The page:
The Adelie is one of just two truly Antarctic species of penguin (the other being the very different Emperor). Named by the 19th century French explorer Jules Dumont D'Urville after his wife, Adelie penguins form their breeding colonies, or rookeries, on ice free islands or beaches close to the coast of Antarctica and cross the sea ice to feed in the sea. They feed on krill and small fish. Adelies are black and white with a white ring around their eyes which is more pronounced in the mating season. They are about 18-24 inches in height.
The breeding season starts in October/November. Two eggs are generally laid although one is usually much bigger than the other. The smaller egg is discarded and the parents share the incubation duties until the eggs hatch in late December (in the austral summer). The parents share the feeding of the newly hatched chicks, each in turn crossing the pack ice to the water edge to feed on krill. They then return to the nest site and feed their chick by regurgitating their recent feed into the chicks throat. In common with other penguin species, an adult will only feed its own chick so if a misfortune befalls the adult at sea (eg leopard seal), the chick will starve to death. Chicks are in danger from skuas. Adelies are often to be seen on the pack ice and their highly polished fronts help them with their preferred method of travelling across the snow - tobogganing. Adelies can display agressive behaviour during the mating season or when confronting predators. At these times they can raise their head feathers into an occiptal crest which can be seen in some of the pictures below.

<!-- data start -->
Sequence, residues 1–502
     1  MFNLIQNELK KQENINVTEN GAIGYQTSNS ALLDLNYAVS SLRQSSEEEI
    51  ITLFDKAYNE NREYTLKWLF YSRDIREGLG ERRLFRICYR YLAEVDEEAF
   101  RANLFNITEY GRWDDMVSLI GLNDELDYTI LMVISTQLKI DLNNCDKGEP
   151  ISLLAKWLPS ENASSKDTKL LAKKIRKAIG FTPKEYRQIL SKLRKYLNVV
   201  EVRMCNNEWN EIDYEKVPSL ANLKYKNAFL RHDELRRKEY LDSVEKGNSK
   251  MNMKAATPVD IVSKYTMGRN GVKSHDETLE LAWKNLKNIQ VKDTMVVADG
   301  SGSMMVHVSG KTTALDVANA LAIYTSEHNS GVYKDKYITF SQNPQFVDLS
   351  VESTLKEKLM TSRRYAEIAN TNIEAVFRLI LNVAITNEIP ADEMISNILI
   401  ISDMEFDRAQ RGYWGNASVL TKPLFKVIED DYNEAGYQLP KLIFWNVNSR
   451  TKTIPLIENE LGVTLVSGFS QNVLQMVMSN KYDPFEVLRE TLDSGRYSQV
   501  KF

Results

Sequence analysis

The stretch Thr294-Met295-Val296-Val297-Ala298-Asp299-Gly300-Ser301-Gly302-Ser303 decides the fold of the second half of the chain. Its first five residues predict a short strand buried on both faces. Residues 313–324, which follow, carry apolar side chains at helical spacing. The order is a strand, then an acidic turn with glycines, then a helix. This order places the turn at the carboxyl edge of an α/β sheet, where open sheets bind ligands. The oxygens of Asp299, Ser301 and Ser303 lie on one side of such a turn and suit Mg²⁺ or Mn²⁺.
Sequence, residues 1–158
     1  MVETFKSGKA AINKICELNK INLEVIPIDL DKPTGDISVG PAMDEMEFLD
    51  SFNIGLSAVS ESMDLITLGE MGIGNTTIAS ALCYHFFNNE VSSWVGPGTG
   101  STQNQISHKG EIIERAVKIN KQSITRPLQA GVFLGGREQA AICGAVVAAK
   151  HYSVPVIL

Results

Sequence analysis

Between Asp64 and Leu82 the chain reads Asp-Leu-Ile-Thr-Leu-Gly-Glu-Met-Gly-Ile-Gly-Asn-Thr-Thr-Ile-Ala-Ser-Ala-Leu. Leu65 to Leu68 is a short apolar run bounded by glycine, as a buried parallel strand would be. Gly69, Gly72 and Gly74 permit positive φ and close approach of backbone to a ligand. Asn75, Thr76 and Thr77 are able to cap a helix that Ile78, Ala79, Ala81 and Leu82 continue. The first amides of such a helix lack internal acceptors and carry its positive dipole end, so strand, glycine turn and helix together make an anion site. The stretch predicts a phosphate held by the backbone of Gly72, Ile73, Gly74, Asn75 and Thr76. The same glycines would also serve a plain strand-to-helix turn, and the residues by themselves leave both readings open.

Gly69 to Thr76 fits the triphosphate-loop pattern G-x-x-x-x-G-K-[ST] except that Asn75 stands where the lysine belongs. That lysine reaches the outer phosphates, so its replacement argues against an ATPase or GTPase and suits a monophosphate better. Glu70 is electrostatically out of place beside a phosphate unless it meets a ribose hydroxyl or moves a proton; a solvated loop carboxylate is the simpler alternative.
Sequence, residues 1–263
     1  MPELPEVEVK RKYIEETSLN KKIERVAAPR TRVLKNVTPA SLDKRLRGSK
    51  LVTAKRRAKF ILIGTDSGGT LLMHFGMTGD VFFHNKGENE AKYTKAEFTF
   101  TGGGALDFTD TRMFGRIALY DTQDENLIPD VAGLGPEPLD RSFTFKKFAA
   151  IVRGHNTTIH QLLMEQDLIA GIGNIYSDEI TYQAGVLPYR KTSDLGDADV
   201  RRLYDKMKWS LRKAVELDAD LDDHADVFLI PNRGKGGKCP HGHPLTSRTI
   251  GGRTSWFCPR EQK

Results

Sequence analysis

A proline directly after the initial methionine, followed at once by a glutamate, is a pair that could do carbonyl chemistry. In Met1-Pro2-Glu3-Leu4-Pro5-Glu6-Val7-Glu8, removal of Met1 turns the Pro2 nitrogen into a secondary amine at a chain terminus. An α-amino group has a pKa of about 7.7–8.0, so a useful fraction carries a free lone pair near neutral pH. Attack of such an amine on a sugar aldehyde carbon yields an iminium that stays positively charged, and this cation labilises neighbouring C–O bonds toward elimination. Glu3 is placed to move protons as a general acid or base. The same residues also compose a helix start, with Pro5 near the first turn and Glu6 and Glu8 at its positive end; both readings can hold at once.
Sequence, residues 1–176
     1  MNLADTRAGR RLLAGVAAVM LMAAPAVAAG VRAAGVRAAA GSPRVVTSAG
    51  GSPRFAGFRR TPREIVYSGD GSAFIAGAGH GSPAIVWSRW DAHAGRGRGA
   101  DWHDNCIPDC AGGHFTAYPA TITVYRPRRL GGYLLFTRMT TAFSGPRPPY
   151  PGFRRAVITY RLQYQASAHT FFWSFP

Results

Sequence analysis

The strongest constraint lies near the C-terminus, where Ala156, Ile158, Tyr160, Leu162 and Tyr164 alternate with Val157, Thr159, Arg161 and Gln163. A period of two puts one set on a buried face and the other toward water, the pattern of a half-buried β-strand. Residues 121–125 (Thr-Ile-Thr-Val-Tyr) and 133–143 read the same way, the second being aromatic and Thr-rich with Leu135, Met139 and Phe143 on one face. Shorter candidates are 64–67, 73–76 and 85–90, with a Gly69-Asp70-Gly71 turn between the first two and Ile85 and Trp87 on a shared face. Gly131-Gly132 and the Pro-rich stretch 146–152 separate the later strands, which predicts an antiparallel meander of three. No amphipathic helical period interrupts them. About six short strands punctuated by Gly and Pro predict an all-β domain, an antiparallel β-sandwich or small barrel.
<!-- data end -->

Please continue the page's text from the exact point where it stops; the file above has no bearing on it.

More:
In these pictures you can see a small rookery on an island near near Davis Station on the far side of Antarctica and Adelies on the sea ice nearby (2003). Also are pictures from a larger rookery at Brown Bluff on the Antarctic peninsula (2008).
Even in the summer, Adelies might have to endure very harsh weather conditions as blizzards and strong winds can send the effective temperature plummetting. In these pictures (2011), taken from the Southernmost penguin rookery in the world (of any species), one can see how effective is the layer of blubber and thick feather insulation because the snow on these penguins does not melt.
Here is a short (5 minute) film showing Adelie penguins on the sea ice in Eastern Antarctica and in a rookery at Brown Bluff near Snow Hill Island in the Antarctic Peninsula.